In essence, the controller sketch is an improved version (including my turnout class, and a signals class I’m developing) of the test loop sketch; the main difference being that there is more of everything. I compiled the sketch and had about 600 bytes of local memory left. That was pretty much the same as what I got on the test loop, so I thought it would work OK.

At first it seemed to work, but then became erratic and wouldn’t boot consistently. Uh oh. I’ve seen that sort of thing before: Memory problems! Clearly, the increased number of objects (turnouts, signals & blocks) was swamping memory resources at run-time. I’ve always known that 600 bytes remaining for local variables is right on the edge of what you can get away with, and my sketch was jumping the edge and into the void!

Time to Go MEGA

I frequently see people use MEGA’s because of all the additional pins it comes with. Since I use various pin multiplication methods, I don’t find that aspect of the MEGA compelling. But when you need more memory for code or data, the MEGA is unbeatable. When I compile the controller sketch for the MEGA, there are 6700 bytes of local memory remaining.  Plenty!

Arduino MEGA

Needless to say, everything works reliably now. I’ve tested it by letting it run for hours undisturbed, then running a train to see if things work. Perfect.

Module 1, Lower Level Controller Stack

Given that there can be a lot of “pieces” to controlling trackage, its likely that I’ll need a couple more MEGA’s before I’m done. I’ll use UNO’s and NANO’s mostly except key places where the amount of track/turnouts/signals requires a more robust solution.

I’m really done with the knock-offs and am making the effort to buy genuine. Arduino prices are down a little, which helps. This genuine MEGA cost me a little over $30 (its up a little today; prices do fluctuate some) on Amazon which I think is fine for what it is and what I’m able to get out of it (current official list is $38). You still can’t beat the overall cost of the system; off-the shelf “model railroading” equivalents (BOD systems, signals, etc) will run double or more for the amount of track, turnouts and signals involved.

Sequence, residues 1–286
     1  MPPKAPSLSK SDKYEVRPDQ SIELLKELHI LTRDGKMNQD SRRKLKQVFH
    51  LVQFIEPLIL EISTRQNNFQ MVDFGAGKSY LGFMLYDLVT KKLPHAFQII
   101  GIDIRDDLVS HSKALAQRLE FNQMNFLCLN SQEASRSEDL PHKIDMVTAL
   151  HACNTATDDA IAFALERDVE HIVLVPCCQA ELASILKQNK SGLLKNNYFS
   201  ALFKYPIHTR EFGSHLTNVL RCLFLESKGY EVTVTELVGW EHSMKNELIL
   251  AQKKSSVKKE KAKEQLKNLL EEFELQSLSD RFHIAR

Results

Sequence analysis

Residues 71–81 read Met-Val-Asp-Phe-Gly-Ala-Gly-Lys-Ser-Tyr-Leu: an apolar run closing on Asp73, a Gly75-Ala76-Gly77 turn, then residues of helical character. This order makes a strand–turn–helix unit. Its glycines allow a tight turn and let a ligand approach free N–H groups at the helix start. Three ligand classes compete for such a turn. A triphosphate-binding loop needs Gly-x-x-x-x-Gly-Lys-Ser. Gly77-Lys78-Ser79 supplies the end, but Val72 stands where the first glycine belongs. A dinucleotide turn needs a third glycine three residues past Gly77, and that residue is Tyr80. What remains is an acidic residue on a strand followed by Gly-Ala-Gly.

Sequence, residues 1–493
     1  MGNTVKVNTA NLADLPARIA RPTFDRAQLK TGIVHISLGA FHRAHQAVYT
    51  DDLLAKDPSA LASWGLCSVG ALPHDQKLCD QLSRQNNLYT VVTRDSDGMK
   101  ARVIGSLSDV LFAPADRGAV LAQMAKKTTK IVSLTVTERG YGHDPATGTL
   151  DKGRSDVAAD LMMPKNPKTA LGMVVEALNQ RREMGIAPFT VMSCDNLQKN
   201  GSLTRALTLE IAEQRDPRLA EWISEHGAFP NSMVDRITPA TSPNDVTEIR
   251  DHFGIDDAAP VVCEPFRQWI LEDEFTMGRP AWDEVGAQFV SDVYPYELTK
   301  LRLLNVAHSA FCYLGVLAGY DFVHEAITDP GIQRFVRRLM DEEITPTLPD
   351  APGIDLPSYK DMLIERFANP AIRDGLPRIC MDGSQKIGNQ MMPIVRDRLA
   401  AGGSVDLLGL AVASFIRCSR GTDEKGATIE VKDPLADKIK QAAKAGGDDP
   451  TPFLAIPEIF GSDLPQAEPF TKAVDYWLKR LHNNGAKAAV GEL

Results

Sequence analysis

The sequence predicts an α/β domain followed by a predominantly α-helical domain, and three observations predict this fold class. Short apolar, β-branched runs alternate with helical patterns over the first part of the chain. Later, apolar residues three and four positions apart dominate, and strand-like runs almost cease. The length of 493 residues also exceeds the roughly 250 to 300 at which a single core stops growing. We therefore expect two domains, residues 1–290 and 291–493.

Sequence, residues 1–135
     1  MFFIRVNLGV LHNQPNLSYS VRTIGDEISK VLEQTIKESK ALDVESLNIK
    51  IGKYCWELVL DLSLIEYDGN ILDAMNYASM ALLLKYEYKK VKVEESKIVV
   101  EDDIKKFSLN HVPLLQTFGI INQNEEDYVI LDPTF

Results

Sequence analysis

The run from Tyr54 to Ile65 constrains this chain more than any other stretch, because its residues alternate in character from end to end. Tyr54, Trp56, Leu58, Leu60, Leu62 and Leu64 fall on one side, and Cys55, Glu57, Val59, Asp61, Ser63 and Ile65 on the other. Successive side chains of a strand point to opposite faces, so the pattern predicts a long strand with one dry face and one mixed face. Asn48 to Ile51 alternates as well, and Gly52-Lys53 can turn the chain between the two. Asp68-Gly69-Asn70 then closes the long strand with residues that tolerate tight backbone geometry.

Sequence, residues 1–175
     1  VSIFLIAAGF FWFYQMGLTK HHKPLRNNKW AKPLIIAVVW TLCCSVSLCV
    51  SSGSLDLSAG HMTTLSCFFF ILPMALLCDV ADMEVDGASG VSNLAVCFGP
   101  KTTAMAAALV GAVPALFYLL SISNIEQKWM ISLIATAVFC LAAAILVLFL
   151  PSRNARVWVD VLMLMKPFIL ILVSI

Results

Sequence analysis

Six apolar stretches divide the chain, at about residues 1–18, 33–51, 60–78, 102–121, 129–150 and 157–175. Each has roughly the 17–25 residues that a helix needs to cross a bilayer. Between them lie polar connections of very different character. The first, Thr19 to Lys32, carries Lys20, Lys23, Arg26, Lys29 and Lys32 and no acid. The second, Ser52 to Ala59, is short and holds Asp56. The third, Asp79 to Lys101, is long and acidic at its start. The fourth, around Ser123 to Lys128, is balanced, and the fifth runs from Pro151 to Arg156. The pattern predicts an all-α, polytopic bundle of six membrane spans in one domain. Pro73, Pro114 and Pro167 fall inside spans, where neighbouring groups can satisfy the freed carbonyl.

The Challenges of Stacking

Even with a MEGA, stacking shields can present problems because each shield needs to monopolize at least one pin (for SS [Slave Select] on the SPI interface), which means that pin cannot be used for anything else. Further, some shields come with “extras” that require an additional dedicated pin. The Ethernet shields I use, for example, include a MicroSD Card reader; so in addition to taking over pin 10 for the network SS, pin 4 is required for the MicroSD and becomes unusable for anything else. Some shields give you some ability to modify pin assignments.  The Mayhew Labs Extended ADC shield also wants to use pin 10 for its SS, but you can change that and a couple of other pin assignments. Sometimes the change is made by closing a solder jumper. Other times you need a jumper wire to relocate a pin assignment. The Mayhew Labs shield requires a little of both but is fairly adaptable as a consequence.

 

Adafruit PWM Driver